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new-classics.co.uk, October 2016

This new film, broadcast for the first time on Holocaust Memorial Day, 27 January 2010, was made when Alice Sommer Herz was sharp and wise at 98. In conversation with Christopher Nupen, she speaks in her quiet, brave and straightforward way even when describing shocking events, and movingly plays Schubert, Smetana and Beethoven in a manner reminiscent of Artur Schnabel, who was one of her teachers. The style is redolent of a happier and more confident time in music making and is one which many will find heartwarming. …This is an inspiring film that celebrates the life of one of the world’s most remarkable people. © 2016 new-classics.co.uk Read complete review



Shirli Gilbert
Musica Judaica Online Reviews, August 2010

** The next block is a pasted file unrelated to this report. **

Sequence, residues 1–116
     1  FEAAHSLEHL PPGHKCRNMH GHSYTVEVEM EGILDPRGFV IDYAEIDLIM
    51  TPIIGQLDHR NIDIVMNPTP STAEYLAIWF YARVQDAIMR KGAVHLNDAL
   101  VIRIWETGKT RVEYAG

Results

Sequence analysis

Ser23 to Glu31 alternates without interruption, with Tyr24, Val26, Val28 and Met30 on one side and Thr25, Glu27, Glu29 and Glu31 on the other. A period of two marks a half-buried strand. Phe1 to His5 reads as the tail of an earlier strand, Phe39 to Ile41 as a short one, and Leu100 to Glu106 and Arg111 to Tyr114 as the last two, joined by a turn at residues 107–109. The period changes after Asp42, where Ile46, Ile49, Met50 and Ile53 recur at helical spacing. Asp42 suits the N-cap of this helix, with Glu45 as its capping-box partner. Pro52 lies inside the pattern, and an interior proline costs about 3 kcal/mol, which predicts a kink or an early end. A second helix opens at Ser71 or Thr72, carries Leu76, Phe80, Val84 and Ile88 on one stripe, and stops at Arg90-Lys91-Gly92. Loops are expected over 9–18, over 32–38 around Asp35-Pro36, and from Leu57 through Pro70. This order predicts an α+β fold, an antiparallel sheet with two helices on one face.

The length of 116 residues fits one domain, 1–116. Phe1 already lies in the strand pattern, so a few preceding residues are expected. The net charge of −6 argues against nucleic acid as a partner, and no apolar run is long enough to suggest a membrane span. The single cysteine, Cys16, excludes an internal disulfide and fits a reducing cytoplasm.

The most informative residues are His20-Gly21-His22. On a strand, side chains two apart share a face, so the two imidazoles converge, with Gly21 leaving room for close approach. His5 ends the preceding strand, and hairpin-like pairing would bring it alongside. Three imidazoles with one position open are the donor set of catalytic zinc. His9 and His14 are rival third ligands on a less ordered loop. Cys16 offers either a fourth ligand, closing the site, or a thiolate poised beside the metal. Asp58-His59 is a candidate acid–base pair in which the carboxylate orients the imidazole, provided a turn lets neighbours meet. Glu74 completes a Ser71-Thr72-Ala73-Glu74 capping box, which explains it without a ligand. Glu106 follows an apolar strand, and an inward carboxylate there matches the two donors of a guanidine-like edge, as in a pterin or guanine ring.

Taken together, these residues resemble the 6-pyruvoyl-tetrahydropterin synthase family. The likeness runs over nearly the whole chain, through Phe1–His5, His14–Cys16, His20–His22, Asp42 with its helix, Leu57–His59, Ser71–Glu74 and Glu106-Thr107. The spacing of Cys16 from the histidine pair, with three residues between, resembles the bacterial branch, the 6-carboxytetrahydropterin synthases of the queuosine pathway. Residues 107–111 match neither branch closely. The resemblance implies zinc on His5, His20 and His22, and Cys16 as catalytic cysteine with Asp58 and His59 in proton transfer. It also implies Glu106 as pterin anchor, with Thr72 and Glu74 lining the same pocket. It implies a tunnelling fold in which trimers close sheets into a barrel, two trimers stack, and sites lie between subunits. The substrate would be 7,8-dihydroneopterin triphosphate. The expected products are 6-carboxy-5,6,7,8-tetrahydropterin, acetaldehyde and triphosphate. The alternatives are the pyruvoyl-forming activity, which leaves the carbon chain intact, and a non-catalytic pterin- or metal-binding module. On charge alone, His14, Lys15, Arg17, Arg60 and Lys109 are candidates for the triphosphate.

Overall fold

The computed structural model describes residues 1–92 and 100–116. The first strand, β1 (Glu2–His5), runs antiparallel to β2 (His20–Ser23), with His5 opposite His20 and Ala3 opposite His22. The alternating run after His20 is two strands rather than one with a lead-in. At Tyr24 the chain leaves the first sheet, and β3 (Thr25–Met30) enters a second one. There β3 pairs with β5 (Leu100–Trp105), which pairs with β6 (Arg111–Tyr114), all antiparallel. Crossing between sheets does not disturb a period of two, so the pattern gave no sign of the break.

Christopher Nupen’s film The Wonder and the Grace of Alice Sommer Herz is a labour of love devoted to the power of music, in Terezín and beyond. Nupen aptly calls his film “A Tribute” to its protagonist, a remarkable woman who will be 107 this year and still lives in her own apartment in London. Nupen has known Sommer for over 30 years, and while producing his award-winning documentary We Want the Light deliberately took more interview footage with her than he could use, with the intention of later devoting an entire film to her. The Wonder and the Grace is made up entirely of that interview interspersed with clips of Sommer playing excerpts from works by Schubert, Smetana, and Beethoven (she was still a sensitive and able pianist at age 98, when it was filmed). She recounts parts of her life story, from her early life in Prague and experiences of food shortages during World War I to her incarceration in Terezín, emphasizing throughout the succour and sustenance provided by music. At the heart of the film is Sommer’s remarkable character. She does not harbor any resentment towards Germans, believing “that we are all a mixture of good and bad.” She is a relentless optimist, and unequivocally attributes her longevity to this trait (by contrast to her twin sister “who died at seventy because she was a pessimist.”) With remarkable equanimity, though not without emotion, she talks in the interview about the suffering she endured, including the loss of her mother and her husband, and her struggles as mother to a young son in Terezín, though she stresses that her experiences were incomparable to those of inmates in Auschwitz. Moreover, she suggests that thanks to their access to music, musicians in Terezín were spared the ghetto’s worst horrors: “Theresienstadt was proof of the magic of music.” Throughout the film she affirms, over and over again, that life is beautiful, and declares that the most important lesson she has learned in her long life is “to be thankful for everything.” The film unsurprisingly does not attempt a critical analysis of musical life in Terezín, or indeed any contextualization beyond Sommer’s individual story. It is, simply, an act of homage to adignified, wise, inspiring, and altogether extraordinary human being.





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